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Government debt indicators: Understanding the data

Author

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  • Debra Bloch

    (OECD)

  • Falilou Fall

    (OECD)

Abstract

There is no single “best” indicator for analysing general government debt. This paper examines the various issues in defining and measuring debt, and explores other data which could be useful, both within and beyond the general government debt concept, to better track and analyse fiscal risks and sustainability issues. Measures from the broadest view of debt – gross financial liabilities – to the most comprehensive accounting of asset and liability positions – net worth – are all helpful metrics. So, too, are narrower data on specific issues, such as future pension liabilities, government guarantees and debt composition. Better data reporting, including more complete metadata and broader data collection, are needed to allow for an arsenal of comparable debt concepts to better anticipate future fiscal pressures. Indicateurs de dette publique : comprendre les données Aucun indicateur n’est meilleur que les autres pour analyser la dette publique. Ce document passe en revue les différentes questions qui se posent pour définir et mesurer la dette, et analyse d’autres données qui pourraient être utiles, dans le périmètre de définition de la dette des administrations publiques et au-delà, pour mieux identifier et analyser les risques budgétaires et les questions de viabilité à long terme. Les mesures de la dette, dans son acception la plus large – engagements financiers bruts – jusqu’à la comptabilisation la plus exhaustive des positions créditrices et débitrices – situation financière nette –, sont tous des indicateurs utiles. Comme le sont également les données plus ciblées sur certaines questions précises comme les engagements futurs au titre des retraites, les garanties de l’État ou la composition de la dette. Il convient d’améliorer la transmission de données, y compris de métadonnées plus complètes, et d’élargir la collecte de données pour élaborer tout un arsenal de définitions comparables de la dette afin de mieux anticiper les tensions futures sur le budget.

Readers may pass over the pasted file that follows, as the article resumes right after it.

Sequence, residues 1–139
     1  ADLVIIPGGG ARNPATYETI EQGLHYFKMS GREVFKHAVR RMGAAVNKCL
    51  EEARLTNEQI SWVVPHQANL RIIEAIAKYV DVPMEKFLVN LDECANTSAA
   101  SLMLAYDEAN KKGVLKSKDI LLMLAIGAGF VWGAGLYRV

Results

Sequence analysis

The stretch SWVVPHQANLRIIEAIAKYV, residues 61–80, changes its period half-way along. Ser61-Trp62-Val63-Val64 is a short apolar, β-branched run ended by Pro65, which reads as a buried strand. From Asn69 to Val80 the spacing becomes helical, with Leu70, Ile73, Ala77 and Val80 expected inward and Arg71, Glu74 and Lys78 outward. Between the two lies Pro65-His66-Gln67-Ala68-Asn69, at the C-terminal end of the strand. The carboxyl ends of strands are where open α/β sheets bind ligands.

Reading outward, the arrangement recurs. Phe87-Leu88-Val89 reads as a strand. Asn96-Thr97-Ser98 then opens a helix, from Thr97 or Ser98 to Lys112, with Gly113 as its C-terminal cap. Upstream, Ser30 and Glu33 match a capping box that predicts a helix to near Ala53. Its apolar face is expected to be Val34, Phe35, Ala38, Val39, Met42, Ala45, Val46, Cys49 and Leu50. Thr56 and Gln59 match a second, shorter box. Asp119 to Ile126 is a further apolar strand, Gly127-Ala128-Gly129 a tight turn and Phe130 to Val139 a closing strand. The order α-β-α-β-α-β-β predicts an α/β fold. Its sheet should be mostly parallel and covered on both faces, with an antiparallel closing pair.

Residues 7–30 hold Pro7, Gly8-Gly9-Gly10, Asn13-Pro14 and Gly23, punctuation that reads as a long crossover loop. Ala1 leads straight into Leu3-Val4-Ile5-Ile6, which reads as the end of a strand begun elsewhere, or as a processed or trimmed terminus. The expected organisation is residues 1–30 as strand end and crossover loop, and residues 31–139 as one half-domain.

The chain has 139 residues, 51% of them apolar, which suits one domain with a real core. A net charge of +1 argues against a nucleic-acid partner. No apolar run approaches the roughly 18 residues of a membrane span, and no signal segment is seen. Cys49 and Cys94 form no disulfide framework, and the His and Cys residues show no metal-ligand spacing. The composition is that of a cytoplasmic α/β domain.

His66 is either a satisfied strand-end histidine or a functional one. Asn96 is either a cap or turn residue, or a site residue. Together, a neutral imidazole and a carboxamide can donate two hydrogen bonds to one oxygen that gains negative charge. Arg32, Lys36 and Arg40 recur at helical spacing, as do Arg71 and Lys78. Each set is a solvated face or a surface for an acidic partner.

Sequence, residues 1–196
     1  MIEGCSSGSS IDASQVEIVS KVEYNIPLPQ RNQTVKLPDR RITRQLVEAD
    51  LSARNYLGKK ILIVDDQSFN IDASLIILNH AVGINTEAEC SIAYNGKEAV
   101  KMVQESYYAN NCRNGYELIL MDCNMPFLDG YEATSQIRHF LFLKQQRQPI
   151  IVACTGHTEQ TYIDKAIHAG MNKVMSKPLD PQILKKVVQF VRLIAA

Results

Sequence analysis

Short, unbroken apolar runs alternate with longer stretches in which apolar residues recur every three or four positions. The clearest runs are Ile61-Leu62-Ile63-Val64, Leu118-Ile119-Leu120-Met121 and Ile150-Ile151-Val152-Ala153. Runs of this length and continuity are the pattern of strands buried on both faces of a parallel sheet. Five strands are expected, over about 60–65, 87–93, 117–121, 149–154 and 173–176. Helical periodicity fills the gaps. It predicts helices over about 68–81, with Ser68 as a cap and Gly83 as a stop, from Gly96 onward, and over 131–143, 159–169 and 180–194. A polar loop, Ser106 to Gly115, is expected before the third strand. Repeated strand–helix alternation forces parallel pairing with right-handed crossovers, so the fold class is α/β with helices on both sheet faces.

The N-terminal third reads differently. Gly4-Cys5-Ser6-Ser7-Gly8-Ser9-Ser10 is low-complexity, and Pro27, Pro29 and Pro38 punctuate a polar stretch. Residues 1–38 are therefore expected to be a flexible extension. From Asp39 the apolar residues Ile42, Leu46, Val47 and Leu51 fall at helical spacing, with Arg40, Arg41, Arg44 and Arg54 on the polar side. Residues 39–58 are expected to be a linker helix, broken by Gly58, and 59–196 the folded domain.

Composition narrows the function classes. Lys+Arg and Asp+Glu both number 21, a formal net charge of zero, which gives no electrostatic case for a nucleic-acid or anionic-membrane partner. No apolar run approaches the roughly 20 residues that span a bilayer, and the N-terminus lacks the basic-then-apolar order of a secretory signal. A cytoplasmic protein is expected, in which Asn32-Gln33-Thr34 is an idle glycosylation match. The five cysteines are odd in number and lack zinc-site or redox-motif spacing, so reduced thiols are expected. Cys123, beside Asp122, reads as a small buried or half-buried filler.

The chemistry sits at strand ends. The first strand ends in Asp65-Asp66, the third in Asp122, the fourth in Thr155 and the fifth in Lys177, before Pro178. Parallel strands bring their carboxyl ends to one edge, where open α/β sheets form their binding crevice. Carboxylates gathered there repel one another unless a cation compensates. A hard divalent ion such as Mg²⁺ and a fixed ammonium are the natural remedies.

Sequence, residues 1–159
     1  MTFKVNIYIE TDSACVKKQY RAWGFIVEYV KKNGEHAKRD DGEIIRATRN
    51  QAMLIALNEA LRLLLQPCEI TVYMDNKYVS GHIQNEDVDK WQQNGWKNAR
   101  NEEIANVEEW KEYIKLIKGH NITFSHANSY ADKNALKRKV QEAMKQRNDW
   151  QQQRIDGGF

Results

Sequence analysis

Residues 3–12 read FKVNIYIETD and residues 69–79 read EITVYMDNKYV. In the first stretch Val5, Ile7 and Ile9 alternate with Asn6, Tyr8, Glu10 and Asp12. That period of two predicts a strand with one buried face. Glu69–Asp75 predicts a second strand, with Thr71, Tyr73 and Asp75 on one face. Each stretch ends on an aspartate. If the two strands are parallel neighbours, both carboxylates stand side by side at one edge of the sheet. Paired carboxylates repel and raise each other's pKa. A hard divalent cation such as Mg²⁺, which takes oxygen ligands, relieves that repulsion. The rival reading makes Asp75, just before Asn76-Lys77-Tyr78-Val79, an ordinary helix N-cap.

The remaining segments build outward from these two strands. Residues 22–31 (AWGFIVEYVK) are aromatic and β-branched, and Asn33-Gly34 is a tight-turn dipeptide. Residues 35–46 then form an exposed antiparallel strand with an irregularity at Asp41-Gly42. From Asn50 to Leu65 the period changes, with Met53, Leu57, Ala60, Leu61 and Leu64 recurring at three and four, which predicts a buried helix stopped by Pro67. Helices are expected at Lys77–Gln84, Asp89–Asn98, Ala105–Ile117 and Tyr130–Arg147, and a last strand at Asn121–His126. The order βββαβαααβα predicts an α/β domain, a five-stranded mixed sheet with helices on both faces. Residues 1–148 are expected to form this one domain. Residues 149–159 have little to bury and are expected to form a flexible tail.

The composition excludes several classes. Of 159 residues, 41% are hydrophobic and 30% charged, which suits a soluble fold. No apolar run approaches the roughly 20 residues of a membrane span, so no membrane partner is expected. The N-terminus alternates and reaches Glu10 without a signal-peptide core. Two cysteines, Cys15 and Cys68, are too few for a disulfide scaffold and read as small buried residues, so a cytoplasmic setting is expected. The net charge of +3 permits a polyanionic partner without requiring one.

Suggested Citation

  • Debra Bloch & Falilou Fall, 2015. "Government debt indicators: Understanding the data," OECD Economics Department Working Papers 1228, OECD Publishing.
  • Handle: RePEc:oec:ecoaaa:1228-en
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    File URL: http://dx.doi.org/10.1787/5jrxv0ftbff2-en
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    References listed on IDEAS

    as
    1. Charles Yuji Horioka & Takaaki Nomoto & Akiko Terada-Hagiwara, 2013. "Why has Japan’s Massive Government Debt Not Wreaked Havoc (Yet)?," UP School of Economics Discussion Papers 201310, University of the Philippines School of Economics.
    2. George Kopits, 2014. "Coping with fiscal risk: Analysis and practice," OECD Journal on Budgeting, OECD Publishing, vol. 14(1), pages 47-71.